Terrestrial Ecoregions of the Indo-Pacific: A Conservation Assessment

Terrestrial Ecoregions of the Indo-Pacific: A Conservation Assessment




"This book, along with its companions in this series, takes an ecoregional approach, dividing large regions into small, distinct units, each with its characteristic species, ecosystems, natural history, and threats. As such, it has no peers. It is the sourcebook for anyone who must look for where and how to act to save the variety of life on Earth." —from the foreword by Stuart L. Pimm

A number of conservation groups, including World Wildlife Fund, have in recent years adopted an approach to conservation that uses ecoregions to identify biological and conservation priority areas. Ecoregions define distinct ecosystems that share broadly similar environmental conditions and natural communities; as such, they make more sense for priority-setting efforts than do political units such as countries or provinces.

Terrestrial Ecoregions of the Indo-Pacific offers a comprehensive examination of the state of the Indo-Pacific's biodiversity and habitats, moving beyond endangered or charismatic species to quantify for the first time the number of mammal and bird species, including endemics, in each ecoregion.

The book begins with a discussion of the background and basis for ecoregion delineation and definition of the objectives and approach used. Following that, chapters describe the biological distinctiveness and conservation status of ecoregions, quantifying the amount of habitat remaining, how it is distributed, and how much is protected. The analysis concludes with a set of ecoregions that deserve immediate attention and also highlights ecoregions that are still in relatively pristine condition. Substantial appendixes offer detailed descriptions of each ecoregion, including information on:

  • unique features of the ecoregion that set it apart from others
  • its biological distinctiveness, threats to habitats and wildlife, and important sites for conservation
  • an agenda and recommendations for where conservation efforts should be concentrated

Short essays by regional experts — including Derek Holmes, Tony Whitten, Indraneil Das, Walter Erdelen, John Seidensticker, Joyotee Smith, Kathy MacKinnon, and others — address special topics relating to finer-scale conservation issues or ecological processes that are typically overlooked in a regional-scale analysis.

Product Details

ISBN-13: 9781559639231
Publisher: Island Press
Publication date: 12/28/2001
Series: World Wildlife Fund Ecoregion Assessments Series
Edition description: 1
Pages: 824
Product dimensions: 8.50(w) x 11.00(h) x 1.70(d)

About the Author

Eric Wikramanayake is affiliated with the Conservation Science Program of World Wildlife Fund.

Eric Dinerstein is affiliated with the Conservation Science Program of World Wildlife Fund.

Colby Loucks is affiliated with the Conservation Science Program of World Wildlife Fund.

Table of Contents

List of Special Essaysxiii
List of Figuresxv
List of Tablesxix
List of Boxesxxi
1.Nature's End or a New Beginning?1
Assessment Overview3
Structure of the Book7
2.Assembling the Ecological Jigsaw Puzzle: The Ecoregions of the Indo-Pacific17
Delineation of Ecoregions and Geographic Scope of the Study17
Geographic Scope18
Delineating Bioregions21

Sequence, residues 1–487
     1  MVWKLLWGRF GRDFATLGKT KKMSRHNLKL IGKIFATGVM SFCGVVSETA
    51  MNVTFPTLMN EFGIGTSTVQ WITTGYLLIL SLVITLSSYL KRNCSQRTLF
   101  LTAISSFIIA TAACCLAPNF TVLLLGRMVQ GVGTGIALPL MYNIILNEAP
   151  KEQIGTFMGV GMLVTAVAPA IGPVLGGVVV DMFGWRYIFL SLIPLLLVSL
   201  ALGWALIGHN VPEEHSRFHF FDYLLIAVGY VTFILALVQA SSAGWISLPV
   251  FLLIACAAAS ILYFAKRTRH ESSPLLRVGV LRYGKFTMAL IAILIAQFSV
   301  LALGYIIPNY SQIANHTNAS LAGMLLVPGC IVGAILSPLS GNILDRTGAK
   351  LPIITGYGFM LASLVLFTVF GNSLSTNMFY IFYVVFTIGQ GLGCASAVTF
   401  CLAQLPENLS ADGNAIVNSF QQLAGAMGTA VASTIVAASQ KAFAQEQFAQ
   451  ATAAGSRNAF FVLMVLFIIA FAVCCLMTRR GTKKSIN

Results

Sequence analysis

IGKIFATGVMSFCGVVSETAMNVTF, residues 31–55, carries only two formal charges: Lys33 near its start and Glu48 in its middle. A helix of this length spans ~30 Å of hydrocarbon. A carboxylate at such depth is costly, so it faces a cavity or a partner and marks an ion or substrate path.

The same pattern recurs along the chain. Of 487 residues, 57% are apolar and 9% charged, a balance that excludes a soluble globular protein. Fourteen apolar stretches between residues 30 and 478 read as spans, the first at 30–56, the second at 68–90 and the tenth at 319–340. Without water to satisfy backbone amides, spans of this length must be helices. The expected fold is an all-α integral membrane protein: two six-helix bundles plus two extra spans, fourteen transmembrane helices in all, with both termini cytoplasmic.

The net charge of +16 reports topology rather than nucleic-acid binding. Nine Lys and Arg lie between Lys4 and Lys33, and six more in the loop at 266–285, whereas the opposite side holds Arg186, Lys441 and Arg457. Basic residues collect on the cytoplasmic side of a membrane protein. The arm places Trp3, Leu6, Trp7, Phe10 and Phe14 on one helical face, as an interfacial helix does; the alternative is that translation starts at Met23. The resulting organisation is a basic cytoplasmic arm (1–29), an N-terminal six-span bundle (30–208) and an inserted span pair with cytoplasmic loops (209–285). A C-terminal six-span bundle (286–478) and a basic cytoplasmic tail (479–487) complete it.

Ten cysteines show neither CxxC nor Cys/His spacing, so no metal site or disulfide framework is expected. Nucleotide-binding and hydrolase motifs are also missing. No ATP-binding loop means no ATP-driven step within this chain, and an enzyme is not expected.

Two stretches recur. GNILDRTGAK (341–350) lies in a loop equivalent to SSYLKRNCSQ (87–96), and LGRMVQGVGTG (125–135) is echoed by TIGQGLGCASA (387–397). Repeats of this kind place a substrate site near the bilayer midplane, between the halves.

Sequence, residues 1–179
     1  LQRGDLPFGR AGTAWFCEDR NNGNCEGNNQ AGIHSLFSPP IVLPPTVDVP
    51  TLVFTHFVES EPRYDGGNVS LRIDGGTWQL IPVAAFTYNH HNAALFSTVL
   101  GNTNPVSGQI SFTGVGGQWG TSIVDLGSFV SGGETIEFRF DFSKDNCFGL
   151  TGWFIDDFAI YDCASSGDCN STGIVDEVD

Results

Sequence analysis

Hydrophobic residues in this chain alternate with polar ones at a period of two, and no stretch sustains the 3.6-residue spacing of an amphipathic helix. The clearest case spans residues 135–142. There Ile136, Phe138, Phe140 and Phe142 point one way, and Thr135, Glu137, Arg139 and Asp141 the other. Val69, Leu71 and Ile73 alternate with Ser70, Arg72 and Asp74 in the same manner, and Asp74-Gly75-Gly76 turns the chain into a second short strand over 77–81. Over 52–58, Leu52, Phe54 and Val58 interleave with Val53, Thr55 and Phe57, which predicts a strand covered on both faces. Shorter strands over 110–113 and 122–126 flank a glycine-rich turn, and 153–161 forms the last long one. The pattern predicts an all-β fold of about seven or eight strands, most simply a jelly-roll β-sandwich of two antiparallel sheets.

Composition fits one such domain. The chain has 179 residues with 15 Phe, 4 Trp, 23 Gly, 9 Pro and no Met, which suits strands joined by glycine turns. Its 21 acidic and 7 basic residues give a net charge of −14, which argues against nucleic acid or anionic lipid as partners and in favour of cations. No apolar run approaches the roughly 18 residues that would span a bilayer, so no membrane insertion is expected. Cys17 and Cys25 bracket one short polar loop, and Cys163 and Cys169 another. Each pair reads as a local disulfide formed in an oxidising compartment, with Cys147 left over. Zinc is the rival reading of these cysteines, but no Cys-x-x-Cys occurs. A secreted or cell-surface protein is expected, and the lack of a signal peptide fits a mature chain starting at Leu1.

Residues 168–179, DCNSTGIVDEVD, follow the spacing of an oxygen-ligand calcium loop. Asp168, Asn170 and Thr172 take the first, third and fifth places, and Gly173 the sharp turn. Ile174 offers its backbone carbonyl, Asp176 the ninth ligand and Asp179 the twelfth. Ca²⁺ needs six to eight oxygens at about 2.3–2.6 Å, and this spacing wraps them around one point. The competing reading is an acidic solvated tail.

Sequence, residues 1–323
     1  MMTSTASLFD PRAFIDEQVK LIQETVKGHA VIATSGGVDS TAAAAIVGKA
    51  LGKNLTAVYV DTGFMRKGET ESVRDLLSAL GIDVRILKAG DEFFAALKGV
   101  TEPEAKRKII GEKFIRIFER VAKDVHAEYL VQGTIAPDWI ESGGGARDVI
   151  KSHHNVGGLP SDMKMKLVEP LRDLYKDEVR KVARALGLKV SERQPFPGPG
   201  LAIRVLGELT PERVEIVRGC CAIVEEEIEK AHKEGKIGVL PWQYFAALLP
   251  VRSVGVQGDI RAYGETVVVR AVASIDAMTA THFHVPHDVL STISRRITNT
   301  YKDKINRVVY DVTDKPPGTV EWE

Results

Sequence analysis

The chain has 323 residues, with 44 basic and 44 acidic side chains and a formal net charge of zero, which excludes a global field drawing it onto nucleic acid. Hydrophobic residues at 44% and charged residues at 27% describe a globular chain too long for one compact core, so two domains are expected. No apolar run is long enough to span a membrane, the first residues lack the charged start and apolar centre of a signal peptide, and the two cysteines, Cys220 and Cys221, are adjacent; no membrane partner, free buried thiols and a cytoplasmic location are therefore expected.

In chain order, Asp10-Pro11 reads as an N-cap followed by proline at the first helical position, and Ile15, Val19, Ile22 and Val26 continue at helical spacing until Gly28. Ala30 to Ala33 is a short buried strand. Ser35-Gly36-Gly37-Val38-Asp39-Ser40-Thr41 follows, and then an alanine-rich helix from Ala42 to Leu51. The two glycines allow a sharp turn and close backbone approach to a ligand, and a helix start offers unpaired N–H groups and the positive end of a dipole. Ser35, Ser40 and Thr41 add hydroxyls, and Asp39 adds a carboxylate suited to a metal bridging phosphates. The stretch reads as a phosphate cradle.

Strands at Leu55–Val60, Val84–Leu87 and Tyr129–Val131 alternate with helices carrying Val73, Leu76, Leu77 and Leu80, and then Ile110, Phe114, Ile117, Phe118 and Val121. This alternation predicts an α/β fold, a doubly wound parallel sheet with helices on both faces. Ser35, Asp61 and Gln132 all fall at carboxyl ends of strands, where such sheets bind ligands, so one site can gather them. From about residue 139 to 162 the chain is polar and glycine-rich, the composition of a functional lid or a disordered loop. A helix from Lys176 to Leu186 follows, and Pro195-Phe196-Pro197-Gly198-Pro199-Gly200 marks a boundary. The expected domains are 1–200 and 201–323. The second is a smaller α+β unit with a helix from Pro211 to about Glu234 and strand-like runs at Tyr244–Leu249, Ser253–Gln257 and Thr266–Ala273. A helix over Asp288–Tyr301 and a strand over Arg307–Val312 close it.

Delineating Biomes24
Delineating Ecoregions25
Representation of Ecoregions and Biomes in the Indo-Pacific Region26
3.Representation or Triage? Approaches to Setting Conservation Priorities in the Indo-Pacific Region39
Biological Distinctiveness Index (BDI)39
Conservation Status Index (CSI)41
Threat Analysis44
Integrating Biological Distinctiveness and Conservation Status45
Guidelines for Using the Integration Matrix46
Use of Proxies to Develop Indices46
Biodiversity Representation or Triage?47
4.Where Is Biodiversity Distributed?61
Broad Patterns in Biological Distinctiveness62
A Closer Look at the Indo-Pacific's Natural Wealth65
Ecoregions, Hotspots, and EBAs: Concordance and Overlap85
Concordance of Biological Priorities: The Overriding Importance of Indonesian Ecoregions89
5.Where Is Biodiversity under Greatest Threat?99
Snapshot Conservation Status: How Much Habitat Remains in Indo-Pacific Ecoregions?100
Threat-Modified Conservation Status: Projecting Future Integrity of Ecoregions109
Overarching Threats109
Degradation Threats: Human Population Density and Distribution111
High-Intensity Threats: Logging Concessions and Habitat Loss115
Final Conservation Status118
6.What to Save First? Setting Priorities for Biodiversity Conservation139
The Priority-Setting Matrix140
Regional and Bioregional Trends140
The Priority Portfolio140
7.Solutions to the Biodiversity Crisis Facing the Indo-Pacific Region165
Big Conservation: The Next Frontier165
Conservation Planning and Action at the Ecoregion Scale165
Landscape-Scale Conservation168
Innovative Mechanisms to Achieve Conservation Gains173
Reevaluating Existing Mechanisms in a New Light175
Bold Leadership: Who Will Be the Next Indira Gandhi of the Indo-Pacific?177
Nature's End or a New Beginning?177
A.Details on Ecoregion Delineation193
B.Terrestrial Biome Descriptions203
C.Methods for Assessing the Biological Distinctiveness of Terrestrial Ecoregions209
D.Methods for Assessing the Conservation Status of Terrestrial Ecoregions213
E.Summary of Ecoregion Scores for Species Richness, Endemism, and Biological Distinctiveness Index219
F.Summary of Ecoregion Scores for the Conservation Status Index and Integration Matrix225
G.Habitat Types by Ecoregion231
H.Near-Endemic and Strict Endemic Mammals by Ecoregion243
I.Near-Endemic and Strict Endemic Birds by Ecoregion255
J.Ecoregion Descriptions281
Literature Cited and Consulted607

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